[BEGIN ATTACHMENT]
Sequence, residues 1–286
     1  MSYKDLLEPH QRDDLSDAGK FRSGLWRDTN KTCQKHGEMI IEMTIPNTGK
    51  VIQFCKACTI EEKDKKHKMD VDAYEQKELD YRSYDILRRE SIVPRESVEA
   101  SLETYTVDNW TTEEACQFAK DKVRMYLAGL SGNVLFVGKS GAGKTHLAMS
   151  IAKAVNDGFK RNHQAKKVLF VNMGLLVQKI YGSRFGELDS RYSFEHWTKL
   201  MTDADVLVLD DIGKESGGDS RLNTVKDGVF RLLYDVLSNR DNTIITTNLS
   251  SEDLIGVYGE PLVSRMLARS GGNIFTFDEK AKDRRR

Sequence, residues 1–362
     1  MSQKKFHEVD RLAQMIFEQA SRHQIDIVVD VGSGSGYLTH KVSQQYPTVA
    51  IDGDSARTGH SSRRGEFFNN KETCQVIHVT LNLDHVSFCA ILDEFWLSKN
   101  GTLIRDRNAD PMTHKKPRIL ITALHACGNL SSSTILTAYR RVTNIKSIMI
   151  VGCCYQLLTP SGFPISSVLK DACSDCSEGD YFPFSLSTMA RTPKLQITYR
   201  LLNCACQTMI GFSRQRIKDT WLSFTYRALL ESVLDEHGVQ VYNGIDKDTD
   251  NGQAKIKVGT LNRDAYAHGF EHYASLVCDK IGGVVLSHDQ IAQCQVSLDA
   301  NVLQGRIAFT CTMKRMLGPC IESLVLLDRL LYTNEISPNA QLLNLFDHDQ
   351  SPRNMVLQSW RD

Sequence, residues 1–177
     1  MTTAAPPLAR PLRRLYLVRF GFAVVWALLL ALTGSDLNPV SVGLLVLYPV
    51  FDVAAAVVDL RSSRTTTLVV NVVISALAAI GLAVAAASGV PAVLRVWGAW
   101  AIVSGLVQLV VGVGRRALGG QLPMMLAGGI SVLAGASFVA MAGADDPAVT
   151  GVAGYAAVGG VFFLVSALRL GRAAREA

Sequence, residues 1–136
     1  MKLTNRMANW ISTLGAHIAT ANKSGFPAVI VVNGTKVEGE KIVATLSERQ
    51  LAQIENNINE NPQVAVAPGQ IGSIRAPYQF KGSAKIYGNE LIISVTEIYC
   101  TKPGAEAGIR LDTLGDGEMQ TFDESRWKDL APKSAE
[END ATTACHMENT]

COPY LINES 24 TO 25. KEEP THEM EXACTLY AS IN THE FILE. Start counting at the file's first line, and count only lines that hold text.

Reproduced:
    51  LAQIENNINE NPQVAVAPGQ IGSIRAPYQF KGSAKIYGNE LIISVTEIYC
   101  TKPGAEAGIR LDTLGDGEMQ TFDESRWKDL APKSAE